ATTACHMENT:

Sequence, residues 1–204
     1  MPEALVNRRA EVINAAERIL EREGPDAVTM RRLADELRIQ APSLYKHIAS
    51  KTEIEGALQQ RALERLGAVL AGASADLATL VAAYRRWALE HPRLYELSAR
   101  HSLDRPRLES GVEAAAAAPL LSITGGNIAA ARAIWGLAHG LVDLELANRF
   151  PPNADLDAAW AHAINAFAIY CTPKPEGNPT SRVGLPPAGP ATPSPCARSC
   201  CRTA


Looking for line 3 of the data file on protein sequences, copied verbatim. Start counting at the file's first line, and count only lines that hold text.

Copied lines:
    51  KTEIEGALQQ RALERLGAVL AGASADLATL VAAYRRWALE HPRLYELSAR